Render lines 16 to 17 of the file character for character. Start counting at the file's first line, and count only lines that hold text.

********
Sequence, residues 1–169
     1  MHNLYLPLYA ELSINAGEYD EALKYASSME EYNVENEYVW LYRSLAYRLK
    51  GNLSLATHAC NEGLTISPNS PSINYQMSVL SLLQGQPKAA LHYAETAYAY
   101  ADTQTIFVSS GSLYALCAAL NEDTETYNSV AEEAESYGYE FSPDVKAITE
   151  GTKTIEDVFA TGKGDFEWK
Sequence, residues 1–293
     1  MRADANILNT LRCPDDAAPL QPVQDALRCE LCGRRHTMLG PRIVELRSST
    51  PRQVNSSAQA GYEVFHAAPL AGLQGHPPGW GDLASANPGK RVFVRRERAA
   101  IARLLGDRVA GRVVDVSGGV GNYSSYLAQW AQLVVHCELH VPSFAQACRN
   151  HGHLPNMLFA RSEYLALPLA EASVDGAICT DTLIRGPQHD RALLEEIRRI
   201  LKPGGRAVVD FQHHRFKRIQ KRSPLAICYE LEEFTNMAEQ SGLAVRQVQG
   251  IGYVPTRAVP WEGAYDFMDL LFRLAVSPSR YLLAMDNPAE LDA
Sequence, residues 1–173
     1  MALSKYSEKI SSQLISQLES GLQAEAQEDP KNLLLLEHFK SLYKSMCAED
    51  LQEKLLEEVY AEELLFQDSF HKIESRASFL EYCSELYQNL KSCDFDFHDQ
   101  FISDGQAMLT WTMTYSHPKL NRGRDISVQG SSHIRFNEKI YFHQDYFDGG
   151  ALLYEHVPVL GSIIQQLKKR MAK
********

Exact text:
   101  FISDGQAMLT WTMTYSHPKL NRGRDISVQG SSHIRFNEKI YFHQDYFDGG
   151  ALLYEHVPVL GSIIQQLKKR MAK